It has the exact same symptons.

Stable when building 11.0 or 10.3 on older clang.

Once on 11-STABLE, random segfaults on clang 4.0

Will test on the server class hardware at weekend, but given the results of this search and my significant testing of replacement ram etc. I think its a clang 4.0 issue.

Has FreeBSD changed compiler version before historically on a STABLE branch? like it has on 11.0 to 11.1 now?

google search "clang 4.0 segfault bug site:lists.llvm.org"
Comment 12 Chris Collins 2017-06-22 22:39:44 UTC
(In reply to Conrad Meyer from comment #10)

it has no issue with prime95 stress tests and other stress tests.

So to confirm absolutely 100% stable in every software on the system except clang 4.0 buildworld.

The cpu temperature is fine and will within spec.
Comment 13 Chris Collins 2017-06-22 22:42:55 UTC
This is with buildworld running

root@test 11s # sysctl dev.cpu |grep temper  
dev.cpu.3.temperature: 39.0C
dev.cpu.2.temperature: 40.0C
dev.cpu.1.temperature: 39.0C
dev.cpu.0.temperature: 40.0C

I will provide feedback saturday or sunday when I test on a EXSI instance, the host machine has ECC ram and a new XEON chip powering it. Also server class storage.
Comment 14 Mark Millard 2017-06-22 23:27:06 UTC
(In reply to Chris Collins from comment #11)

If this were a general problem the build servers
would not be able to build the releases, ports,
and such.

I do buildworld buildkernel for head on amd64, powerpc64,
aarch64, armv7, and powerpc. I've not been having such
problems. (I do cross builds amd64 -> <?> more than
native but do on occasion build native for the others.
My amd64 activity is under virtual box on either Windows
10 or macOS 10.12.5 at this point. The others are
directly on the hardware that I have access to.) I
build and run non-debug kernels normally despite running
versions of head.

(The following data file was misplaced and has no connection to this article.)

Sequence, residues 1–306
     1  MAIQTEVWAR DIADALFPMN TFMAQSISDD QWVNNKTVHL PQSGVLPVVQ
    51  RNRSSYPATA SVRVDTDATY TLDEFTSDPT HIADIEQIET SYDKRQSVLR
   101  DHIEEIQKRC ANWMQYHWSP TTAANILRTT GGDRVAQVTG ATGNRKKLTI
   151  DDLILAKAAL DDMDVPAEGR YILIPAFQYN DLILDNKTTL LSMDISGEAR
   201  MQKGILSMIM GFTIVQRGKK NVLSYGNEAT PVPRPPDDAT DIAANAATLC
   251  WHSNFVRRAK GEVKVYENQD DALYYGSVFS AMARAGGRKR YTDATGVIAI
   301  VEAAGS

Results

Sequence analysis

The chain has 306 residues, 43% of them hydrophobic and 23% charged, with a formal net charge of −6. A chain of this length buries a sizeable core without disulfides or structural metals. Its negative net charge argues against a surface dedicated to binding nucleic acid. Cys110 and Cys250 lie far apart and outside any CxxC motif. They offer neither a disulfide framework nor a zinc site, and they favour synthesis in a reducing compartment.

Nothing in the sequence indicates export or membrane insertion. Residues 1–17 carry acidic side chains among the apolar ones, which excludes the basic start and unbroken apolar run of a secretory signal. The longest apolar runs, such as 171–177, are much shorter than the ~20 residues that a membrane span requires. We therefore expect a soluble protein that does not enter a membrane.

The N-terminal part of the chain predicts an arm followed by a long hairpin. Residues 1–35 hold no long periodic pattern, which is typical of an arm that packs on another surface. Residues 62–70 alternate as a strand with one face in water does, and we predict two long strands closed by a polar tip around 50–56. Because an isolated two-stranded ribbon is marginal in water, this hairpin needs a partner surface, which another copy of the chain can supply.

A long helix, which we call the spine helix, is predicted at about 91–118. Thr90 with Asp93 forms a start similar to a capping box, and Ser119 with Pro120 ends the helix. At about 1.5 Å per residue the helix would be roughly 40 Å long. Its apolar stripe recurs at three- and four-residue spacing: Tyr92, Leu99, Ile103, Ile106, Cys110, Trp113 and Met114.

If what you report was generally happening to others
most FreeBSD activity that is clang 4 based would be
largely "dead in the water" --but it is not. Almost
certainly some uncommon property in other environments
is a property of your environment and is involved. The
problem is isolating what is involved.

It may be time for detailed kernel config specifications.
As I remember you already listed the src.config that you
use (comment 6). None of my src.conf content matches any
of yours. I do not have any 11.x environments at this point,
just head based, currently -r320192 .

If you have a failing environment that can use a pure
GENERIC kernel config and a empty src.conf (or some
match to a well established set of such files), you
might want to try such. If it happens to work okay
then it would form the starting point of a search
for what makes the difference. By contrast if things
still fail this gets much harder to track down.

I can supply examples of my config files if needed
but I do not have defaults. (Just using clang 4 for
targeting powerpc64 or for powerpc is odd in the
first place: I gather evidence of issues that I
discover and report them, generally to llvm.) I do
have a few source file differences associated with
the experiments on non-amd64 --historically mostly
tied to powerpc64 and powerpc.

(Note: Actually powerpc (32-bit) has problems with
crashing even when sitting idle in my context, even
if built with gcc 4.2.1. I've had crashes in minutes
--or up to somewhat over 10 days 8 hours later. Usually
it has been hours but less than 9 hours. But use of
clang need not be involved at all for this so it
is not a fit to your context. And no other of my
environments has shown such behavior so far.)
Comment 15 Mark Millard 2017-06-23 01:01:33 UTC
(In reply to Mark Millard from comment #14)

My paragraph:

"If this were a general problem the build servers
would not be able to build the releases, ports,
and such."

was poorly chosen. I should have referred to just
test builds that are based on head, stable/11,
or the drafts of 11.1 . (I expect that there have
been many.) These likely start with
projects/clang*-import/ testing and continue with
head, stable/11, and the 11.1 drafts.

The official of releases and such likely are still
based on an older context building the newer
context. I do not know if they build and use a
bootstrap clang 4 and then use it or not when the
target is head, stable/11, or an 11.1 draft version
of some kind. It could be that only the system
compiler is built and installed but not used for
anything relative to buildworld buildkernel activity.

As I understand exp-runs were made for building
ports that were based on clang 4. This might
still be on-going.

My own activity is incremental updates of head,
so using clang 4 to build a bootstrap compiler
that is clang 4 when needed. Then using the
resultant clang 4 either way. (I ignore here
experimenting with devel/*xtoolchain* or using
gcc 4.2.1 where I have to [32-bit powerpc
kernel that finishes booting correctly].)

There is also likely activity of other people
working based on clang 4, including buildworld,